At another island, we can assign a date range to a lava flow based on clues embedded in the lava. In Key Environments: Galapagos (1984: Pergamon Press, Roger Perry, editor), Tom Simkin's “Geology of Galápagos Islands” chapter notes the following (footnote, p. 18):

The prominent lava flow in James Bay contains fragments of marmalade pots stashed by buccaneers in 1684. The flow [but not the pots] was mentioned by Darwin,§ thus bracketing its age between 1684 and 1835: one of the rare uses of marmalade pots in volcano-chronology (bracketed phrase added to Simkins' text).

§ Darwin's Diary entry for October 11, 1835: “ We crossed a bare & apparently recent stream of Lava which had flowed round an ancient but very perfect Crater.”

But that was on one island, and Beagle Crater is on another. Unfortunately, we have no marmalade pots here, so this dating tool is not available to us. But what we do have is another tool. In David Porter's Journal of a Cruise, he writes of discovering in late April, 1813, a “beautiful basin” on the western coast of Albemarle Island—the modern Isla Isabela:

The art of man could not have formed a more beautiful basin, which is at the entrance about three cables' length over, and gradually enlarges to five cables' length, terminating in a round bottom.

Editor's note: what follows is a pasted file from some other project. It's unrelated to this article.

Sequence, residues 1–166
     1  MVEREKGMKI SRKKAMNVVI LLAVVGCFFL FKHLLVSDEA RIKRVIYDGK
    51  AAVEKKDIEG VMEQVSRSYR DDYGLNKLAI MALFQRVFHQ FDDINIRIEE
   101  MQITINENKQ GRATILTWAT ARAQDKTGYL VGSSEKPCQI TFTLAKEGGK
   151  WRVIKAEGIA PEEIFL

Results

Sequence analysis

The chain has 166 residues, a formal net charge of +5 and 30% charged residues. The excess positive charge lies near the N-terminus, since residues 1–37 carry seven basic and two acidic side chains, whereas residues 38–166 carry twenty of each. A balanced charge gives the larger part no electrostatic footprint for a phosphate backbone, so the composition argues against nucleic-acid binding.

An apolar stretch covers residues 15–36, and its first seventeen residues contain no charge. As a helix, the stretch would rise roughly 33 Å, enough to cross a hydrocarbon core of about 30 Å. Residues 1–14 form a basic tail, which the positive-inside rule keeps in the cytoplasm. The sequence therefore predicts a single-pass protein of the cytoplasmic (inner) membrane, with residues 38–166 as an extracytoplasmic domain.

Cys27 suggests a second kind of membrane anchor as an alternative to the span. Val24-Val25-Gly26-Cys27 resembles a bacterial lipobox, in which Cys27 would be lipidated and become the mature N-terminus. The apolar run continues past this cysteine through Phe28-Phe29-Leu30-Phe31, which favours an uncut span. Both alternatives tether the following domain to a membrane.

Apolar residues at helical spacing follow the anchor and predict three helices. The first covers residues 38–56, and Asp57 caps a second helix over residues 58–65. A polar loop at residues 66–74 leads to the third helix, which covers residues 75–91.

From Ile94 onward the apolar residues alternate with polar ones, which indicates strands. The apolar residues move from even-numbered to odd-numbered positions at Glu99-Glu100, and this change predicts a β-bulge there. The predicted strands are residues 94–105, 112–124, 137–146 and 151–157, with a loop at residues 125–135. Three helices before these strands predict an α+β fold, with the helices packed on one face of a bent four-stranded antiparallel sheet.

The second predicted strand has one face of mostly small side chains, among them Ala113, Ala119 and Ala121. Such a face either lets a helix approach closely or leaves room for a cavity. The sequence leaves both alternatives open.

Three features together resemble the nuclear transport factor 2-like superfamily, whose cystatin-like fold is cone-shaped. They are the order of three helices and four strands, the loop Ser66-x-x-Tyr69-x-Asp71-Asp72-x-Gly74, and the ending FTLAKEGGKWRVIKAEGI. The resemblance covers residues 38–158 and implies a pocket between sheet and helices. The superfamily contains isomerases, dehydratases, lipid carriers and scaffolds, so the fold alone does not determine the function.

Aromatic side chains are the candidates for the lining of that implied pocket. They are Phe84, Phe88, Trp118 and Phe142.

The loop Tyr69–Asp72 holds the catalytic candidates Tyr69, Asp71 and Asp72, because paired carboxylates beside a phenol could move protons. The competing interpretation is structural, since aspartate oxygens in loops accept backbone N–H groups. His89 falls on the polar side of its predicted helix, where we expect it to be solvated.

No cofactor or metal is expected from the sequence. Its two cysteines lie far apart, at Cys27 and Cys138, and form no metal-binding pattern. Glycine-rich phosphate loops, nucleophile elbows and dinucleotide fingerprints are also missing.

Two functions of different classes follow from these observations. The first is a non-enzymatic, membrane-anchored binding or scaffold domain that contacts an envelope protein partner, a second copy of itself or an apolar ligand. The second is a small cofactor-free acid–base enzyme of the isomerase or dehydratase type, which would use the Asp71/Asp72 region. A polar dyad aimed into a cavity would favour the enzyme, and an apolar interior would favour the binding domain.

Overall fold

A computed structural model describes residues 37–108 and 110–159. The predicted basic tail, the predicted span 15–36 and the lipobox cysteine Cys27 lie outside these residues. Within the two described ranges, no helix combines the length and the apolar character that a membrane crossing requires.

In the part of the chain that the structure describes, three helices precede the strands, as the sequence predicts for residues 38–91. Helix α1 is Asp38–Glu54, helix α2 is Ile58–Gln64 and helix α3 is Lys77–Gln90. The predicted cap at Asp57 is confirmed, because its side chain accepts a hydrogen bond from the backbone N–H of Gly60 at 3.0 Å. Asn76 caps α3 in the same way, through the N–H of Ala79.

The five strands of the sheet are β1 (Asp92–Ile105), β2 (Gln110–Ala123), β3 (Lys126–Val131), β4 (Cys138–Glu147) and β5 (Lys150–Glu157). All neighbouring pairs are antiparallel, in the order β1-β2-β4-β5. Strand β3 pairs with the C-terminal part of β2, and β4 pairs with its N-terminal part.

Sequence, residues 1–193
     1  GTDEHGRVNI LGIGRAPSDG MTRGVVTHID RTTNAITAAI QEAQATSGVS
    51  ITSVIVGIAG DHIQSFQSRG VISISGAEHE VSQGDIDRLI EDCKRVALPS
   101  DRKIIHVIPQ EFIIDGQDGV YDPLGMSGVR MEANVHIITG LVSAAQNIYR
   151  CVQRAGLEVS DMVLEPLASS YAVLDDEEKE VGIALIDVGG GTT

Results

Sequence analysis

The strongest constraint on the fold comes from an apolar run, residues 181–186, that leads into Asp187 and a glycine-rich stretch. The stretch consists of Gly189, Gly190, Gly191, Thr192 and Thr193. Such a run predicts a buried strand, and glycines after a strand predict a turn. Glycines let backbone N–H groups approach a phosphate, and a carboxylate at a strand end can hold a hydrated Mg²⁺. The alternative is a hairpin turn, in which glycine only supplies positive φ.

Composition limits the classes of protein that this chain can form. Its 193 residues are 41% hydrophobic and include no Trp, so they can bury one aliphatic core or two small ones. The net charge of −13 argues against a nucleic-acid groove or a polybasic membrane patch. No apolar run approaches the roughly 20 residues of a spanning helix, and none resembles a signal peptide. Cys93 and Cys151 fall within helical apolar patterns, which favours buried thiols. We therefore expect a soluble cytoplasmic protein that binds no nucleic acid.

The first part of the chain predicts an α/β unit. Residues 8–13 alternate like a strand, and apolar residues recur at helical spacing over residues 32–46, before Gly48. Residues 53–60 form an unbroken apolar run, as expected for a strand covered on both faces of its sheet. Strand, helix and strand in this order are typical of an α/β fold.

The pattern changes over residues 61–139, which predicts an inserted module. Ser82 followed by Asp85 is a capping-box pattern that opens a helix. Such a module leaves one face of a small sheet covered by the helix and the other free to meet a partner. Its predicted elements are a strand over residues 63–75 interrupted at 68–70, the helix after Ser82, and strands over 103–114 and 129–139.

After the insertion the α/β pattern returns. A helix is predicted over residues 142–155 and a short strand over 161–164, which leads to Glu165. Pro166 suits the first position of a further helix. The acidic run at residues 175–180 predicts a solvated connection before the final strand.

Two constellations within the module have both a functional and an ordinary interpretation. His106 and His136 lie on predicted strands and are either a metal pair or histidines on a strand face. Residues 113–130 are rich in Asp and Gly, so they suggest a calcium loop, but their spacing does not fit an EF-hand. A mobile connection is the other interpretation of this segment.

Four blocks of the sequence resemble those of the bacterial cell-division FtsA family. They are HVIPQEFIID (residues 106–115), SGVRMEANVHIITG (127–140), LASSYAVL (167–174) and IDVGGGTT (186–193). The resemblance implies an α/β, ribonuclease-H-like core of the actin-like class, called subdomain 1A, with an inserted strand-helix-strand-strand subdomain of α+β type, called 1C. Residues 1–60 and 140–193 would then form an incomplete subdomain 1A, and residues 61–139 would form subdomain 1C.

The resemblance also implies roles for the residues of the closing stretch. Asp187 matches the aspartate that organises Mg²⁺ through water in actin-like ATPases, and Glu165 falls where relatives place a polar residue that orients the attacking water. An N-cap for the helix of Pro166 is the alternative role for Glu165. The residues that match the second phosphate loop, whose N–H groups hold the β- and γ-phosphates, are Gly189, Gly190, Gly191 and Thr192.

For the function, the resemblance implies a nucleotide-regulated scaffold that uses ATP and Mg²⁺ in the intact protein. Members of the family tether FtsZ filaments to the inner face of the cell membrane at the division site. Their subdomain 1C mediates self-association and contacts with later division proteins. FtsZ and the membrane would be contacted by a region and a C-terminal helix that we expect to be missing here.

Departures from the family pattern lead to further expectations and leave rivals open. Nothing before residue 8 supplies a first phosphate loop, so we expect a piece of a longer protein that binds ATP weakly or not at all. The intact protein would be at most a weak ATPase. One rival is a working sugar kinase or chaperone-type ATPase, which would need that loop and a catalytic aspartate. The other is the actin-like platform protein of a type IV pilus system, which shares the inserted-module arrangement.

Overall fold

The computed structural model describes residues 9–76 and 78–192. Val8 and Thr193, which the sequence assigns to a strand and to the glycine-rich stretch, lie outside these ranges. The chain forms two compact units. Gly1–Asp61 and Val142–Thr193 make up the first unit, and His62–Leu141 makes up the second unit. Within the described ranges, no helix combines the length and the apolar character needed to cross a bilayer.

Porter's description closely matches that of Beagle Crater, as it might have appeared before the lava flow sealed the entrance, and the 3 × 5 cables dimensions rule out the nearby Tagus Cove. Later on, he reports a June 6, 1813 eruption on Albemarle in the vicinity of Narborough (Isabela and Fernandina, respectively). As reported in Porter's account, the eruption date is confirmed by the Smithsonian Institution Global Volcanism Program.

Furthermore, in the second (1822) edition of his Journal of a Cruise, the Hooker map shows Port Rendevous [sic] as an inlet with an opening to the south. The magnifying-glass icon just below Banks Bay offers a close-up view of the inlet, which is clearly exposed to the ocean (shading added for clarity). So, if Port Rendevous is in fact Beagle Crater, then the lava flow that now enters the crater occurred after Porter's visit (April, 1813) and before Darwin's (October, 1835). The small islets within the crater may have formed at about the same time, and while Darwin's “apparently recent” remark (see footnote above) refers to the lava flow on James Island, perhaps the same remark could be applied to the Beagle Crater flow.

NOTE: Not related to the above in any way, but included here for general interest, many sources report that “The oldest documented eruption was in 1797 on Volcán Wolf” and then leave it to the reader to guess who documented this event. For those not inclined to play guessing games, it was Amasa Delano. In his 1817 Narrative of Voyages and Travels, he records an extract from the ship's journal, written “ … by the officer who had the care of the log book” on August 21, 1800 during a visit to James Bay:

We saw a large black cloud gathering over the highest mountain on Albermarle Island, which was the same place where one of the men on board our ship has asserted that he had seen a volcano burning in 1797.

Then unnamed, that “highest mountain on Albermarle Island” was of course Volcán Wolf. Delano does not name the crewman who had seen the eruption.